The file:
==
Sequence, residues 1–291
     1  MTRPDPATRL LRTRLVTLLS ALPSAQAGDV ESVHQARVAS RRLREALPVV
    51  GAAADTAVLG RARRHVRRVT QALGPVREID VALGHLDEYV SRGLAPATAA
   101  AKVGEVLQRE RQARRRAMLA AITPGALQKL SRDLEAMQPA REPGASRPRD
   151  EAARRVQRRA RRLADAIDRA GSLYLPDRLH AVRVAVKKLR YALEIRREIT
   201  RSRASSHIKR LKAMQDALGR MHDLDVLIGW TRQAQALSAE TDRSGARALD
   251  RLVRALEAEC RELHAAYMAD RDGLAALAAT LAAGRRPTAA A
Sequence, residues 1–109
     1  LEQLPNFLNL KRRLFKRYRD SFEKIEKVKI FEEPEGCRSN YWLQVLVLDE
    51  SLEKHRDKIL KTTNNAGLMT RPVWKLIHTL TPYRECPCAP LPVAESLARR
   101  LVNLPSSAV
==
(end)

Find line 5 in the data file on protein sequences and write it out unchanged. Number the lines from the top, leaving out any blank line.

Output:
   151  EAARRVQRRA RRLADAIDRA GSLYLPDRLH AVRVAVKKLR YALEIRREIT